Share to Facebook

Share to Twitter

Share to Linkedin

A supporter outside the New York courthouse where Hammond was sentenced.

One of the most active hackers in the collective known as Anonymous and the source of WikiLeaks' largest ever leak of secret documents was sentenced Friday to 10 years in prison--the most severe penalty so far of any of the activist hackers who rampaged across the Internet in the chaotic summer of 2011, and the maximum sentence he could have received under his plea bargain agreement.

Hammond's ten year sentence will be followed by three years of supervised release during which time his computer with be monitored with surveillance software, and he'll be forbidden from encrypting any data or using tools that would hide his identity. Hammond may still be required to pay restitution for the financial damage from his attacks, but the size of that restitution hasn't yet been determined.

In her statement to Hammond, judge Loretta Preska rejected arguments that the political motivations for Hammond's hacking crimes against the private intelligence firm Stratfor, police organizations and military contractors should lessen his prison time. "These are not the actions of Martin Luther King, Nelson Mandela...or even Daniel Ellsberg," Preska said. "There's nothing high minded or public-spirited about causing mayhem."

Hammond pleaded guilty nearly six months ago to one count of computer fraud and abuse in the hack of private intelligence firm Stratfor, whose 5 million stolen emails Hammond helped to deliver to WikiLeaks, which has released thousands of them over the last two years. He accepted that plea bargain agreement in return for assurances that he would be sentenced to no more than 10 years in prison rather than the maximum 30 year sentence if the case had gone to trial, and that he wouldn't have to testify against any of his fellow hackers. "I did this because I believe people have a right to know what governments and corporations are doing behind closed doors," he wrote in a statement at the time of the guilty plea last May. "I did what I believe is right.”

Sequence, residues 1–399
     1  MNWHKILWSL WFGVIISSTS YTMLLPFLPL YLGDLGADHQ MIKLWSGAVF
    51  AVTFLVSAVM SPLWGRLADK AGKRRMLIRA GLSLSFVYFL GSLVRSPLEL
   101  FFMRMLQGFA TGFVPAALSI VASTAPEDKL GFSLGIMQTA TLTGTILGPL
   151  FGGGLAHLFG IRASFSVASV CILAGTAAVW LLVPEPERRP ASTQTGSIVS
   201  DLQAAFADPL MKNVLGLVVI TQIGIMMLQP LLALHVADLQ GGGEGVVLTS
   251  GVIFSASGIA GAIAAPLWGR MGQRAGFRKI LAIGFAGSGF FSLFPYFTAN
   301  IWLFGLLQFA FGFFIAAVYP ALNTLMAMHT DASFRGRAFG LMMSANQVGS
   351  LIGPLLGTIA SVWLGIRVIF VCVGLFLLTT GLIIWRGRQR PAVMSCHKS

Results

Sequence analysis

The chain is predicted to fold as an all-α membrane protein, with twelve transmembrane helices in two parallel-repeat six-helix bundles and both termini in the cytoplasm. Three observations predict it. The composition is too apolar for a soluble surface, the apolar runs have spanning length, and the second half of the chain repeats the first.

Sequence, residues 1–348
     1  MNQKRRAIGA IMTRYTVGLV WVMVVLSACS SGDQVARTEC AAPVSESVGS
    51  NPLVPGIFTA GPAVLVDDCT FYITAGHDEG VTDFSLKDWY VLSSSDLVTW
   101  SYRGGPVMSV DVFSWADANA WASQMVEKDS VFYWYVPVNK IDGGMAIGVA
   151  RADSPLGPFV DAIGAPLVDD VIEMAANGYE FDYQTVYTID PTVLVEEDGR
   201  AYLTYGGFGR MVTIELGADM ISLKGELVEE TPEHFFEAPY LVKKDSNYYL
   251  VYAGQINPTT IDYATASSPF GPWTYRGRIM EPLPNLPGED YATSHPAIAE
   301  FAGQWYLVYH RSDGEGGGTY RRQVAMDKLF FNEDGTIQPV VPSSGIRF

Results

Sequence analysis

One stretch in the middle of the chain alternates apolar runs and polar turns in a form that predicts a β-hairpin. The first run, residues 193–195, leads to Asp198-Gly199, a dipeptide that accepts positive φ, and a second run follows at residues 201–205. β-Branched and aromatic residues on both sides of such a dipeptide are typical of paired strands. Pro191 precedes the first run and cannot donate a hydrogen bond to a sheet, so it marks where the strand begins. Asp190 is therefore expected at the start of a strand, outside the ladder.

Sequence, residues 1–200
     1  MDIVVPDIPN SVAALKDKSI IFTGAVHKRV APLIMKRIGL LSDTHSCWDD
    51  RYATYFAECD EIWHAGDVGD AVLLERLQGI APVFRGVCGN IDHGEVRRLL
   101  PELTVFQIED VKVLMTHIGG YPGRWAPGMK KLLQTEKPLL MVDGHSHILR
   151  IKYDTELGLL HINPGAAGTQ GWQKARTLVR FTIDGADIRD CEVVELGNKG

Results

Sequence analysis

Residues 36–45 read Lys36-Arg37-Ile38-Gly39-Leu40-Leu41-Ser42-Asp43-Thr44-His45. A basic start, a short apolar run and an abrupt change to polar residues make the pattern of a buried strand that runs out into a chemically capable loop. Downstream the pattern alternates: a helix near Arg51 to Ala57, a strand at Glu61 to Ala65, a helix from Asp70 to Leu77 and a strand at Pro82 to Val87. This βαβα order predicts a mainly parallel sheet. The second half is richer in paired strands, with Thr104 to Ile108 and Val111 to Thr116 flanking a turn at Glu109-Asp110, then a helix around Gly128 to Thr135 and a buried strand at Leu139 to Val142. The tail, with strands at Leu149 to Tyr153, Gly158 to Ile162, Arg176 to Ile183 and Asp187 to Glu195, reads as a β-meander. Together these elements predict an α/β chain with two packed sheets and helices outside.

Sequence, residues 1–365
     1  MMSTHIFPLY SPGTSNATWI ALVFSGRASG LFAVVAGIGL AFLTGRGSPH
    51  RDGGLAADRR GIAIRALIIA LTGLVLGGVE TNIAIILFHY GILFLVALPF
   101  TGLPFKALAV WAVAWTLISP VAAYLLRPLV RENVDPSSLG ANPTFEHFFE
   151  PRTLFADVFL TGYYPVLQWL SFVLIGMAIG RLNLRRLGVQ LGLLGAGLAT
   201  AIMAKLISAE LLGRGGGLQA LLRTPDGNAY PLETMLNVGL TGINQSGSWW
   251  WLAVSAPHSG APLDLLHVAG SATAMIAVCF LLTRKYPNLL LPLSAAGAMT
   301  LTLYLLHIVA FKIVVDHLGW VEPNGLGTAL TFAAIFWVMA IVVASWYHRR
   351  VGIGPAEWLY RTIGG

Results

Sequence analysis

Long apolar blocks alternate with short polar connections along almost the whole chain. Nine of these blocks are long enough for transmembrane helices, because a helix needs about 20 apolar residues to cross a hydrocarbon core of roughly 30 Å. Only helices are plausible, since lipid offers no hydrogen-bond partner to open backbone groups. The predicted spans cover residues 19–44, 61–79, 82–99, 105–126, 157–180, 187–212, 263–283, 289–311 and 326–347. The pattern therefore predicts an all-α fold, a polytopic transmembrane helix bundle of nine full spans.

In his statement to the court before his sentence was delivered Friday, Hammond admitted that he had hacked into "dozens" of law enforcement, military, and information security firms, but had done so with altruistic intentions, and had never even used credit card data he had stolen from those targets. "I felt an obligation to confront and expose injustice," Hammond said, noting that he was particularly inspired by the leak of military data to WikiLeaksa by Army private Chelsea Manning, known at the time of her leaks as Bradley Manning, and he apologized for the private data of individuals exposed in his hacks. "Yes, I broke the law, but I believe that sometimes laws must be broken to make room for change."

"Stay strong and keep struggling," Hammond concluded his statement.

Hammond, along with other members of Anonymous, was caught in an FBI sting operation that made use of the informant Hector Xavier Monsegur, a New York-based Anonymous hacker and leader of its splinter group known as LulzSec. Monsegur was so closely involved in the Stratfor hack that he even arranged to have the stolen emails stored for a time on FBI servers, unbeknownst to Hammond.

In his statement to the court, Hammond described how he was introduced to Stratfor as a target by Monsegur, and later given other targets including foreign government websites to hack, naming Brazil, Turkey and Iran among those on the list before the judge cut him off and said that those names had been "redacted." The data stolen from those websites, Hammond said, ended up with the FBI. "I think the government's use of this data needs to be investigated," he said.

Preska's response, however, rejected the notion that Hammond was set up or used by Monsegur, placing the responsibility for the hacks squarely on Hammond himself. She quoted transcripts of his conversations in Anonymous chatrooms where he called for "maximum mayhem," and described the goal of the Stratfor hack as "destroying the target, hoping for bankruptcy, collapse." Preska also cited the case of a retired Arizona policeman who along with his wife received hundreds of threatening phone calls after a website attack and data dump in which Hammond participated revealed their home phone number.

Hammond's ten year sentence is far longer than those of other Anonymous hackers who participated in the same string of attacks and all received less than three-year sentences in trials in the United Kingdom.

But Preska noted that unlike those other hackers, Hammond had a prior record of digital offenses, and had made similar arguments about the civil-disobedience nature of his actions in his 2006 sentencing for hacking a pro-war website and stealing 5,000 of its credit card numbers. "At 19, he said he had altruistic motives, and at 28 he says he had altruistic motives," she said. "The most significant fact in Hammond's history is his unrepentant recidivism."

Follow me on Twitter, email me, anonymously send me sensitive documents or tips, and check out the new paperback edition of my book, This Machine Kills Secrets: Julian Assange, the Cypherpunks, and Their Fight to Empower Whistleblowers, a New York Times Book Review Editor’s Choice.